By John Schilling
28 June 2016
North Korea has just released an image of Kim Jong Un posing in front of a Musudan missile (Hwasong-10) with the reentry vehicle removed. In addition to showing the grid fins in their stowed configuration, this view shows us the missile’s guidance package. The resolution is not high enough to positively identify specific components or assemblies, but it clearly isn’t the guidance system from a 1960s-vintage Russian R-27 missile. In the original Russian design, the rather bulkier guidance system was fit into a depressed cavity at the top of the propellant tank; the North Koreans have instead fit the electronics into the narrow space atop a normal tank dome. This means they have rebuilt the tank dome as well as the guidance system, though this comes as no surprise given that the missile’s propellant tanks have been stretched by almost 2.5 meters to increase its range.
Even if North Korea obtained complete R-27 missiles from Russia in the 1990s, it is unlikely they would trust 40-year-old electronics to control it. And we know that North Korea has the ability to build their own guidance systems, whether for shorter-ranged Nodong missiles or for Unha satellite launch vehicles. We know from recovered Unha wreckage that they are willing to use modern imported commercial-grade electronics in their missiles, which would explain why their guidance system is smaller than the Russian original.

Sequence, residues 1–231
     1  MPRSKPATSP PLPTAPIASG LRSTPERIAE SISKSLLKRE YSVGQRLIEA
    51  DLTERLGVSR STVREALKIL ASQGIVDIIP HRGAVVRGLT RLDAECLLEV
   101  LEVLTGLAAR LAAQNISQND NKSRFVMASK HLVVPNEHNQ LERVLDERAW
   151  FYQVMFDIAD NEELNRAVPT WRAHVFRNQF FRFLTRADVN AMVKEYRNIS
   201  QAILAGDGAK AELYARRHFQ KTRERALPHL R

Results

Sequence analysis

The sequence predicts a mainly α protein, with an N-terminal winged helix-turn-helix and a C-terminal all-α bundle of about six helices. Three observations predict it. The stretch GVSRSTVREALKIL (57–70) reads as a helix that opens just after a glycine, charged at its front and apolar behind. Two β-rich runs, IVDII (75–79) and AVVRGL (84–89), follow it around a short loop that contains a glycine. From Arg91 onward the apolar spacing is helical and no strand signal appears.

What we don’t know is how well it performs. Precision components like missile-grade mechanical or laser gyroscopes are difficult to build and difficult to import without it being obvious that one is importing missile parts. Possibly the North Koreans have found a supplier that doesn’t care, or possibly their own technicians have mastered the art of building these systems. At a minimum, the Musudan is capable of completing a flight without tumbling out of control, at least some of the time, and even if it is no more precise than North Korea’s other missiles, it is still almost certainly accurate enough to hit, for example, the island of Guam. Although, hitting specific targets on Guam, like the airbase or port facilities, will likely require additional testing for calibration even if the design is sound and accurate.
For the full assessment of the June 2016 Musudan tests, see “A Partial Success for the Musudan.”